Unlike peat coco fibre is an endlessly renewable resource but there are also some other advantages. Naturally peat is anaerobic and once it dries out is very hard to wet all the way through whereas coco fibre is almost the exact opposite. Even when totally waterlogged coco fibre never goes anaerobic (which kills roots) and if it should totally dry out it actually soaks up water and draws it in when watered or rain falls upon it, unlike peat. Peat is naturally quite acidic which with most Japanese soils is a disadvantage (they are already acidic enough) but coco fibre is naturally neutral. Coco fibre is also easily colonised by rhizosphere organisms whereas peat is not so by using coco fibre you are actually boosting the diversity of your rhizosphere.

Last time I was in Cainz Home they are selling a 200L sack for just under 2,000円 which works out cheaper than most peat. So just replace the peat and vermiculite volume with coco fibre instead.

farmingnoob
Posts: 34
Joined: Fri Nov 09, 2018 7:46 am
Has thanked: 44 times
Been thanked: 28 times

Re: Links for the budding vegetable grower/Seed and Farming resources.

Post by farmingnoob » Tue Apr 02, 2019 2:50 pm

Thanks Zasso. So do you think 2/3 coco and 1/3 compost is a good mix?

farmingnoob
Posts: 34
Joined: Fri Nov 09, 2018 7:46 am
Has thanked: 44 times
Been thanked: 28 times

Re: Links for the budding vegetable grower/Seed and Farming resources.

Post by farmingnoob » Tue Apr 02, 2019 8:58 pm

gonbechan wrote:
Mon Apr 01, 2019 8:45 am
Coco Coir 200L (better than peat IMHO)
Are the Coco chips better than the fiber?

User avatar
Zasso Nouka
Tech Support
Tech Support
Posts: 2540
Joined: Wed Sep 23, 2015 9:37 am
Location: Chiba Prefecture
Has thanked: 1679 times
Been thanked: 1131 times

Re: Links for the budding vegetable grower/Seed and Farming resources.

Post by Zasso Nouka » Tue Apr 02, 2019 9:18 pm

Coco coir or fibre is better than chips, it has a finer texture.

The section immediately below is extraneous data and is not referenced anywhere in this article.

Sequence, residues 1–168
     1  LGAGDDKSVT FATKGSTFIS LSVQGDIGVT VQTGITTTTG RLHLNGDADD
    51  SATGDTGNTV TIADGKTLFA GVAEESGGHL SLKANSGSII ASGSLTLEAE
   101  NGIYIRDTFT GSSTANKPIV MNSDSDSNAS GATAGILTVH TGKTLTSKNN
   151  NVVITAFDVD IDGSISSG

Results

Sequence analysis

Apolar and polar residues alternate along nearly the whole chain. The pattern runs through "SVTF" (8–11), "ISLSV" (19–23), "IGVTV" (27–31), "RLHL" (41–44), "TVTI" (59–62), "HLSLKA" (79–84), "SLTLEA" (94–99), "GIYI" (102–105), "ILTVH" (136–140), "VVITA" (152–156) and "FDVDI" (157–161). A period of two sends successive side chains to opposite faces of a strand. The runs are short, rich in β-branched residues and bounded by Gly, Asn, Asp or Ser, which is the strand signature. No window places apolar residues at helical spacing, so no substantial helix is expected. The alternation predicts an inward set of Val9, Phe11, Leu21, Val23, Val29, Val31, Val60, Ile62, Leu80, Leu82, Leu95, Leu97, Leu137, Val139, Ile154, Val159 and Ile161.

farmingnoob wrote:
Tue Apr 02, 2019 2:50 pm
Thanks Zasso. So do you think 2/3 coco and 1/3 compost is a good mix?
That's probably a good starting point but as coir/coco fibre lacks nutrients I'd be tempted to add some keifun, tonpun or gyufun as well as some kakigara for minerals if you can. How much you might ask ? Better to under fertilise now while making your mix and top up later than put too much into the mix and risk burning the roots of your new transplants, perhaps go with something like 5% keifun and see how that goes.

User avatar
Zasso Nouka
Tech Support
Tech Support
Posts: 2540
Joined: Wed Sep 23, 2015 9:37 am
Location: Chiba Prefecture
Has thanked: 1679 times
Been thanked: 1131 times

Re: Links for the budding vegetable grower/Seed and Farming resources.

Post by Zasso Nouka » Wed Apr 03, 2019 6:16 am

It can be hard when you are first experimenting with making your own potting compost mixes to decide how much 'fertilisers' to add, it's always better to add less than you think you need and supplement later rather than adding too much and burning the roots of young plants. Once you've made the mix up a couple of times you'll have an idea how much to put into your custom blend.

If young plants leaves go yellow soon after transplanting into your new mix there is too much nitrogen in there and it's burnt their roots.

Start low and gradually add more each time you make a mix. Kakigara (oyster shells) and crab shells can't burn plant roots but no need to go overboard either.